Shared Beliefs About Housing in Newton

Engine 6 and its Livable Newton partners are participating in a CHAPA (Citizens' Housing and Planning Association) program called the Municipal Engagement Initiative. We wrote this statement to affirm our understanding of the regional housing crisis and our resolve to do something about it.

We believe that:

  • Greater Boston and Massachusetts are experiencing a housing crisis and it extends to Newton. Since 2010, the 15 cities and towns of the Metro Mayors Coalition have added nearly 110,000 residents and 148,000 new jobs, while permitting only 32,500 new housing units. Tremendous competition for the limited available housing drives up prices, makes it difficult for people to find homes they can afford, and increases the potential for displacement (see the Metro Mayors Coalition Housing Task Force web page).

  • Newton needs more housing that is affordable to a range of incomes and units that can accommodate and appeal to a wider range of people—seniors interested in down-sizing, young professionals who want to live close to transit and amenities, people who work in Newton but can’t afford to live here. According to the Newton Housing Strategy Report published in 2016, Newton lost 4,700 households with annual incomes of less than $125,000, while gaining 4,200 households earning more than $200,000 between 2000 and 2013. In the past, Newton provided a range of housing opportunity and should strive to do this in the future.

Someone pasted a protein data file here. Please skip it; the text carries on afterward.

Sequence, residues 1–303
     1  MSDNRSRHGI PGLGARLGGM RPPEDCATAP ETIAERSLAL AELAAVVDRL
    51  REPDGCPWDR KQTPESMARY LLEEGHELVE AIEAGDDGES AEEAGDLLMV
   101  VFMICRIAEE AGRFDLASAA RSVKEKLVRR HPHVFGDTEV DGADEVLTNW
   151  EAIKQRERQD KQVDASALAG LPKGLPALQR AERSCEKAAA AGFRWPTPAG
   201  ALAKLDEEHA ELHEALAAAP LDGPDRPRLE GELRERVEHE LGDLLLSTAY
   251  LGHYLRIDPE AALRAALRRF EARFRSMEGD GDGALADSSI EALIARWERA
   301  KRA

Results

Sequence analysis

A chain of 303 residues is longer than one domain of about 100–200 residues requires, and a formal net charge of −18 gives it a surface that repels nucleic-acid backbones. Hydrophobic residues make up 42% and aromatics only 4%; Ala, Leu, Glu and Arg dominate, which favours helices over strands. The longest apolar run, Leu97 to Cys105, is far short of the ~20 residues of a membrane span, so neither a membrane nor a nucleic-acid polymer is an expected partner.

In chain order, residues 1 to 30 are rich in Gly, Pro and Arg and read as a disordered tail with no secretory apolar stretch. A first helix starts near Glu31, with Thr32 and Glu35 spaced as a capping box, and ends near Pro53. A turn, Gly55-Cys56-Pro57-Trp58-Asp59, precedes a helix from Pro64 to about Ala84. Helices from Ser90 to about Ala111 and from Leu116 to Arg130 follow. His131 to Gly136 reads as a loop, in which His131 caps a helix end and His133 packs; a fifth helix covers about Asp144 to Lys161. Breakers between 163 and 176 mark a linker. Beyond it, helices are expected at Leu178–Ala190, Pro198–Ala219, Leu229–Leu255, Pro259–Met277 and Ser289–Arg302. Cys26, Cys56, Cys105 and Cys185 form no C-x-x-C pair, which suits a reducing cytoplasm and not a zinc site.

• In particular, more affordable housing is necessary to meet the needs of existing and new Newton residents. Right now, over 76% of low-income households and 56% of moderate-income households in Newton are paying more than 30% of their income towards housing, all of whom would be eligible for new affordable units.

  • Failure to address the housing needs in Newton has already and will continue to have negative impacts on Newton's economic vitality, racial diversity, environmental sustainability, vibrancy of its village centers, ability for local businesses to attract and retain talent, sustainability of a population needed to support vibrant schools, and community character.

  • As a result, members of this group will commit to advocating for housing development, affordable housing, and increased resources for affordable housing as relevant projects, policies, and programs are proposed and debated in Newton. To meet the broad range of needs in Newton, these solutions must include both market-rate housing and publicly-subsidized and affordable housing.  We will be vocal about our support for this work and will educate our community about this need as well.